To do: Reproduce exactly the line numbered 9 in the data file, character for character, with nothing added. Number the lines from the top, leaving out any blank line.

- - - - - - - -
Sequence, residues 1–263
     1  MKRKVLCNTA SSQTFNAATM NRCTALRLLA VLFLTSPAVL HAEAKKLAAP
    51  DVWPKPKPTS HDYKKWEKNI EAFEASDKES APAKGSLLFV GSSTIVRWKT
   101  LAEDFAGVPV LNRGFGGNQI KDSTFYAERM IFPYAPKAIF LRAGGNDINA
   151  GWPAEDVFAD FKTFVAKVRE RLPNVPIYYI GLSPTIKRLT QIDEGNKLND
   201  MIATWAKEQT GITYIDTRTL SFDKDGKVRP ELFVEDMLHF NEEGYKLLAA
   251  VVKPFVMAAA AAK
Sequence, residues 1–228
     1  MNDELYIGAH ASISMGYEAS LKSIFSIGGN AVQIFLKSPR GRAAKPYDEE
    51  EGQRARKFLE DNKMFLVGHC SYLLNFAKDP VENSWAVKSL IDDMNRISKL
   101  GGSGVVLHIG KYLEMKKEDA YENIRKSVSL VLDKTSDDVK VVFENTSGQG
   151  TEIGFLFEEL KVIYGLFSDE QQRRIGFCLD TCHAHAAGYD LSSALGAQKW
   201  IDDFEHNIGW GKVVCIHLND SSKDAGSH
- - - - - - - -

     1  MNDELYIGAH ASISMGYEAS LKSIFSIGGN AVQIFLKSPR GRAAKPYDEE